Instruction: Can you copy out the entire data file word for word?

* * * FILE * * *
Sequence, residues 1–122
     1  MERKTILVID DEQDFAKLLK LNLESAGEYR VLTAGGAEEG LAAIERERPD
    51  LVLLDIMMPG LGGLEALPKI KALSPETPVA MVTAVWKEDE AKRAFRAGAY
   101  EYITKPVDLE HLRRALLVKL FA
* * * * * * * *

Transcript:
Sequence, residues 1–122
     1  MERKTILVID DEQDFAKLLK LNLESAGEYR VLTAGGAEEG LAAIERERPD
    51  LVLLDIMMPG LGGLEALPKI KALSPETPVA MVTAVWKEDE AKRAFRAGAY
   101  EYITKPVDLE HLRRALLVKL FA